GTGI Grows Through Partnerships

GTGI Grows Through Partnerships<@VM>George Allen

George Allen

By Marianne Dunn, Staff Writer

Global Technologies Group Inc., a small computer security and systems integration company in Arlington, Va., is relying on partnerships to create products that government buyers demand.

George Allen, president and founder of Global Technologies, said that while many small information technology companies are using General Services Administration schedules to drive their businesses, he is looking at relationship-driven strategies to fortify the company's offerings and business base.

"We are not a box mover," said Allen, who started the company in 1991.

The company, which initially focused on exporting microcomputers to subsidiaries of U.S.-based companies in the Middle East and Russia, sells about 30 information security, mass storage and document imaging products to the government.

The value-added integrator and manufacturer had revenue of about $2 million in 1997 and 1998. Allen expects that figure to more than double, and possibly triple, in 1999.

About 60 percent of the company's business is government related, much of it coming from the Defense Department and intelligence agencies. Civilian customers include the Census Bureau, Federal Communications Commission and NASA.

Allen said encryption and security will be two growth markets, and that his primary strategy will be to determine what products his customers will need and then find partners to help him develop them.

In June, the company inked such a partnership with RedCreek Communications Inc., a Newark, Calif.-based supplier of virtual private networking hardware and software.

Allen knew that the Office of Personnel Management needed a mobile computer security system. His company's security and encryption card could secure the data in a computer notebook. It could not, however, provide secure communications among the background investigators' notebooks and OPM's main frame.

"We did not have the ability to develop that technology, but I knew someone out there was working on this," he said. "We talked to a variety of them, and RedCreek was one of the ones I liked best."

GTGI's CryptCard, which encrypts the notebook's hard drive and disables the computer when removed, was bundled with RedCreek's Ravlin 10, a dedicated wire speed, virtual private network appliance, and RavlinSoft, remote access software.

The OPM contract was worth $90,000 to GTGI.

The company's other partners include Eastman Kodak Co. of Rochester, N.Y.; Network Associates Inc. of Santa Clara, Calif.; Rimage Corp. of Minneapolis; RedCreek; Shiva Co. of Bedford Mass., which was purchased recently by Intel; and V-One Corp. of Germantown, Md.

Small integrators such as GTGI, which has about 20 employees, obviously cannot do everything, said Allen. Larger integrators can go out and "buy the extra pieces or hire someone. But it makes much more sense for us to partner and share the profit with someone than to develop the expertise and bring people on board," he said.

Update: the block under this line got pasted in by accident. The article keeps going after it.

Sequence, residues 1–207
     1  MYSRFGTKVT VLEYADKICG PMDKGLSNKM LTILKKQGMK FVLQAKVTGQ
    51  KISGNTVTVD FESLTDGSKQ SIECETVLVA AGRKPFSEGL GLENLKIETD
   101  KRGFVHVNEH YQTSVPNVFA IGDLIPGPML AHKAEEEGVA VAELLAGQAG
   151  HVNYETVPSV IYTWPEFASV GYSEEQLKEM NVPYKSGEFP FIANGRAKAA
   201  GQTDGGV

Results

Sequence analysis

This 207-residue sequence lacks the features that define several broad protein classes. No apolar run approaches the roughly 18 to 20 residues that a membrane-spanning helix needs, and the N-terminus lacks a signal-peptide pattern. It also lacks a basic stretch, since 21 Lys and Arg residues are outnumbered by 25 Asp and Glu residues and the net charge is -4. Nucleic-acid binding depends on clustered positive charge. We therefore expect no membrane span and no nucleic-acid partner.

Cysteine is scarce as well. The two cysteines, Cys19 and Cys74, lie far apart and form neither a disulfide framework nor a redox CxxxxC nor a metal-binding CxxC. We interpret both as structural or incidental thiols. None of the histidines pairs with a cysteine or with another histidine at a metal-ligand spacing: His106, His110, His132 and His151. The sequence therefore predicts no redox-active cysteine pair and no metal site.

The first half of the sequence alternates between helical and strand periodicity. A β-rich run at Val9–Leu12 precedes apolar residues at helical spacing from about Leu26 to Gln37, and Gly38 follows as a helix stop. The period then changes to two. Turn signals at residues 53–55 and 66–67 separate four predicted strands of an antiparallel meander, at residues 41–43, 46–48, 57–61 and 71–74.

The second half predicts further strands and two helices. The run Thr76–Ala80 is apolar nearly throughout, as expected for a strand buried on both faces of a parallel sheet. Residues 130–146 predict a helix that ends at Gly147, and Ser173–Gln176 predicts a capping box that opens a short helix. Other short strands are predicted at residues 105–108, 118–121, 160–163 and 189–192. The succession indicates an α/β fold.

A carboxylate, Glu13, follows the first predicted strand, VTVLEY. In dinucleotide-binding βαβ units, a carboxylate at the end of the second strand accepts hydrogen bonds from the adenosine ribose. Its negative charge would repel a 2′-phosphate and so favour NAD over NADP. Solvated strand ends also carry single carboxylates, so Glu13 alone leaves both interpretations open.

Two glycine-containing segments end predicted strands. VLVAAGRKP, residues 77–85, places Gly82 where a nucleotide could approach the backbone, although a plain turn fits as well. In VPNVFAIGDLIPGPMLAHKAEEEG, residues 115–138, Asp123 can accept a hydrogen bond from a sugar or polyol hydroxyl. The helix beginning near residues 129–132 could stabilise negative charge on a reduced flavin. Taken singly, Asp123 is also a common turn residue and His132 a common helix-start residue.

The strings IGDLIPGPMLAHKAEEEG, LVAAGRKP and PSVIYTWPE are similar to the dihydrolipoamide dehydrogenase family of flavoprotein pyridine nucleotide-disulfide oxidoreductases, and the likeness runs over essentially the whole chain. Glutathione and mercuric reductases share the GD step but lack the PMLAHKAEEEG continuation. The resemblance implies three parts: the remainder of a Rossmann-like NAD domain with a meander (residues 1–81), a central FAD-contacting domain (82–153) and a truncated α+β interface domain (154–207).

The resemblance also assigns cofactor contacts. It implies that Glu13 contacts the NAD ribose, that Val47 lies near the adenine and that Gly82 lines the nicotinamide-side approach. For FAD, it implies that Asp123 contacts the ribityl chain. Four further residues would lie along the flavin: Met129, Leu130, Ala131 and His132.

Axent Technologies is a primary competitor for notebook security software. But Allen said his company is the only one offering a product like CryptCard, which provides high-speed hard disk encryption with password security for notebook PCs. He said other companies may have similar products, but none that will work with virtual private networks.

Jerry Grossman, a director with the investment backing firm Houlihan Lokey Howard & Zukin of McLean, Va., said GTGI just may be in the right place at the right time. Right now, he said, companies that develop products for encryption and security are in a very good market position.

"They are touching some hot markets," Grossman said. "With the rapid emergence of information security, and data encryption a major concern in the government and private commercial markets, they are in a good position to grow."

GTGI has products for encryption and security, two very robust areas in terms of growth. "If these products work, it may be a company to keep an eye on," Grossman said.

Now Allen is focusing his attention on e-commerce.

"E-commerce is going to grow over the next three years," and that will take the company into Web design and all the other ancillary activities that go along with it, he said.

"If you area going to help someone do a secure transaction, that gets into the whole issue of how they are designing the Web site and what they intend to do with it," he said. "So, again, it all becomes a relationship sell." Age: 42

Marital Status: Married; three children: ages 9, 5 and 8 months

Drives: "I drive a car that (AST Research Inc. of Irvine, Calif.) gave me some years ago. I won it through a sales contest. It's a 6-year old Ford Bronco."

License plate: Encrypt

Education: George Mason, B.S. in urban planning

First Job: Metropolitan Washington Council of Government cog, transportation planning.

"I accept no responsibility for the transportation situation around here! They didn't listen to me, that was the problem."


Favorite Flick: "Glory"

Most recent read: "I do a lot of reading for my kids' school. I read 'Oh, The Places You'll Go!' (Dr. Seuss) and 'Sherlock Holmes: The Speckled Band' (Sir Arthur Conan Doyle)"

Ideal lunchtime escape: Carlyle Grand Cafe

Normal lunch routine: "More often than not: the Bangkok Siam on Glebe Road."

Average work week: 60 hours

Pets: "15-year-old dog, Scarlett, the harlot."

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